Historical Context Of Southern Society And Traditions By Jean Toomer 's Cane

1715 Words Nov 14th, 2016 7 Pages
Miscegenation and race are critical themes which are embedded into the historical context of Southern society and traditions. Jean Toomer’s Cane focuses on the ambiguities of its characters’ mixed heritage which creates a new race—the human race. The subject of miscegenation and race in William Faulkner’s Absalom, Absalom! receives an adverse perception because it deconstructs Sutpen’s intended design of a family dynasty. Both novels share a thematic concern of miscegenation and race which speaks to the notion of modifying traditions and racial sacrifices.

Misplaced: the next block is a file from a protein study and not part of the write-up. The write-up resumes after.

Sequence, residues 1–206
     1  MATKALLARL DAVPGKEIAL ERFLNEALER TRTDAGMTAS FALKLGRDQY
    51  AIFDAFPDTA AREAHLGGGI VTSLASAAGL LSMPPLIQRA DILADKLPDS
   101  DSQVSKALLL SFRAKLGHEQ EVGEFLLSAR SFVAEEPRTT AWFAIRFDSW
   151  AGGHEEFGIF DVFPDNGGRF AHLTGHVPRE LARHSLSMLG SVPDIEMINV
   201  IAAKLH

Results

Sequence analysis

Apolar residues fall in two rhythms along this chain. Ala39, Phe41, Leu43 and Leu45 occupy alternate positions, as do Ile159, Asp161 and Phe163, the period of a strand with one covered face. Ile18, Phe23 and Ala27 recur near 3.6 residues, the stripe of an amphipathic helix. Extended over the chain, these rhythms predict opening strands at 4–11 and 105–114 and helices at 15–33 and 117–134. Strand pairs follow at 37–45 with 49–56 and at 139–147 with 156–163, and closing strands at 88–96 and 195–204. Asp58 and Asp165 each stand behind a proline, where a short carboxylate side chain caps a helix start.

Toomer’s Cane explores the modernist perspective of racial identities being deconstructed to eliminate the traditions of racial purity. In the modernist tradition, the language of “Fern” lies in ambiguity in regards to her racial identity. Toomer equates Fern’s skin complexion to a “soft cream foam” and a “creamy brown color of her upper lip” (Toomer 18). He points out a significant racial marker of Fern’s nose being “aquiline, Semantic” (18). At this moment, the reader is unable to fully pinpoint her racial identity on account of Toomer’s modernist conflict with language. Fern is not completely black, white or Jewish and is, perhaps, a mixture of all mentioned. Her existence, as a mixed race person, blurs racial boundaries on account of white supremacy. Hence, society’s inability to categorize Fern’s racial identity allows her to transcend the restrictive categories of race and to form a new race—the human race. Fern…

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